Orit Zuckerman’s memory machines

August 9, 2006

Orit Zuckerman‘s “Moving Portraits” — animated photographs that interact through gesture with the viewer — are bold statements about memory and technology. Zuckerman’s site describes how one of these portraits — essentially a slim LCD screeen connected (wirelessly, it appears) to a computer — at first looksto be a picture of a little girl covering her eyes. But if the viewer looks long enough, the little girl starts peeking out, eventually smiling. If the viewer leaves, the little girl in the portait again covers her eyes.

Equally exciting are Zuckerman’s multi-portrait arrays that interact with each other. Like David Rokeby’s seminal (n)chant, what we have here is essentially a network of autonomous software agents interacting with one another. But where (n)chant used words and sounds (and the influence of the viewer) as the medium for the software agents to interact with one another, Zuckerman uses her moving portrait technology to create “…an interactive artwork visualizing how collective behavior emerges from decentralized interaction in a small social network.”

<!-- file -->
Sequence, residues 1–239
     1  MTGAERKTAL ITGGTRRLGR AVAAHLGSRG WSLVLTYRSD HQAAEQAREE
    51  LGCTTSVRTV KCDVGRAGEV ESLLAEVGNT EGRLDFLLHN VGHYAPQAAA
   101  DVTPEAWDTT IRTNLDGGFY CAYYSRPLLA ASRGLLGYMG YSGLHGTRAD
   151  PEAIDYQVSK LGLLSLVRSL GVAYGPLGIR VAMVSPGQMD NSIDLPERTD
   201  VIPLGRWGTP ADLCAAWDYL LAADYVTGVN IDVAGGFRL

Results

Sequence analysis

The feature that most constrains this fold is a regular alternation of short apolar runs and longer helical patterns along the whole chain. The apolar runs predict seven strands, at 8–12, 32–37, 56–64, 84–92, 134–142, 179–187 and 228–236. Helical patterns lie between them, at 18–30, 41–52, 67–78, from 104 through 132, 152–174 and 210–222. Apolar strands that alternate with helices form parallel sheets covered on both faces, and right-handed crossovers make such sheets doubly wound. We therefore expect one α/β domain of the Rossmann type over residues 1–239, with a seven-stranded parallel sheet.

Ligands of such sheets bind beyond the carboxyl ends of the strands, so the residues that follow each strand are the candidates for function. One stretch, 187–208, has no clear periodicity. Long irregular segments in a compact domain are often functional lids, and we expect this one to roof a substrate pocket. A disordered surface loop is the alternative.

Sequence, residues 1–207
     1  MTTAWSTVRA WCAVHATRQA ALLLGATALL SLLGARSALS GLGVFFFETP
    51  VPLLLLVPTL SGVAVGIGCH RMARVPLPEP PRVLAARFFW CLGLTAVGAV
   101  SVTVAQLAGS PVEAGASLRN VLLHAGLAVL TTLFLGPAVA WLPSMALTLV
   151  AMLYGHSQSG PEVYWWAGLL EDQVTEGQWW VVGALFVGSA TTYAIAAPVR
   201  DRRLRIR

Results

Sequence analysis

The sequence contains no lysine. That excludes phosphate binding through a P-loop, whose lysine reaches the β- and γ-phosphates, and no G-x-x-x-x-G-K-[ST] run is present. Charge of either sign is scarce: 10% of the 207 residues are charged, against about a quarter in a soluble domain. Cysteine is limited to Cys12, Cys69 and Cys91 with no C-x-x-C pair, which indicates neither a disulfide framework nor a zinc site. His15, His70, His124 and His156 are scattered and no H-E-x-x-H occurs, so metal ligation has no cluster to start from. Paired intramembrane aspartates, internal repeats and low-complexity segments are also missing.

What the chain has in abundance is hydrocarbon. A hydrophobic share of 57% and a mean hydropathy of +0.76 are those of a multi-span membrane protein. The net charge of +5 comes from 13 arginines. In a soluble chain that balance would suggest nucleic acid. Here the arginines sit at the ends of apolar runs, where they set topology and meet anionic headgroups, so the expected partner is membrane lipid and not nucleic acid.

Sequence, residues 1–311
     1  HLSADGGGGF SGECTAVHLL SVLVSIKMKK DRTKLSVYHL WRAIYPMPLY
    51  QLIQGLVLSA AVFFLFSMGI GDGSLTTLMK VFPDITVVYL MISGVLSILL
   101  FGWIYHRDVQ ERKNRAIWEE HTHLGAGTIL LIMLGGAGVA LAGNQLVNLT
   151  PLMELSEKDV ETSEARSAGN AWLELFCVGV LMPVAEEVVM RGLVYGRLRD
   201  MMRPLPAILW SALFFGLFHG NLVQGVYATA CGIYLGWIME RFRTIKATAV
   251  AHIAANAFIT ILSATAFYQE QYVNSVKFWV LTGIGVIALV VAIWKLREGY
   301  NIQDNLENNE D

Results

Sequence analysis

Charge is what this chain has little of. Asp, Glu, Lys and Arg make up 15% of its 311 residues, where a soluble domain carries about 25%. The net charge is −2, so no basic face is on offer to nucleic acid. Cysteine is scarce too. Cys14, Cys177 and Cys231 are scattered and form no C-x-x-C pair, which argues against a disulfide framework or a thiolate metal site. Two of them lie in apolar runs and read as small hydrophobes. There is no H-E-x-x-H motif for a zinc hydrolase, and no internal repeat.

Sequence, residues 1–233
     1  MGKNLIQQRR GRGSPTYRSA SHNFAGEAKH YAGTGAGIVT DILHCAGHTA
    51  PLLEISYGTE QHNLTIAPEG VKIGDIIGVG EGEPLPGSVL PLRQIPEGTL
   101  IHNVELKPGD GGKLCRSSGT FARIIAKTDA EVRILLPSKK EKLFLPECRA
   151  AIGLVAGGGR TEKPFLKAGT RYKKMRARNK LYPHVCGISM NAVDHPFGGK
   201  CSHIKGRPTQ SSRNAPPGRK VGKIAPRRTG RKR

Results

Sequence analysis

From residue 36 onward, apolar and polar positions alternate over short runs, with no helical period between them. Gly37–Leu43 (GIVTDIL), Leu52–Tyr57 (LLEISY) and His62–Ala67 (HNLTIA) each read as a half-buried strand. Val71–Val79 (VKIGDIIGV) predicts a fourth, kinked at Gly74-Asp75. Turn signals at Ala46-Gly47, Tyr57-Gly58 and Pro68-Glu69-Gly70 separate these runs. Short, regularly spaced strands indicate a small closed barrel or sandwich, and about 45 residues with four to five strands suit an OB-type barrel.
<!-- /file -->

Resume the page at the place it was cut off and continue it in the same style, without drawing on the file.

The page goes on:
Recently, Zuckerman has been experimenting with haptic systems such as TapTap (with Leonardo Bonanni, Jeff Lieberman, and Cati Vaucelle), a scarf that “allows nurturing human touch to be recorded, broadcast and played back.”

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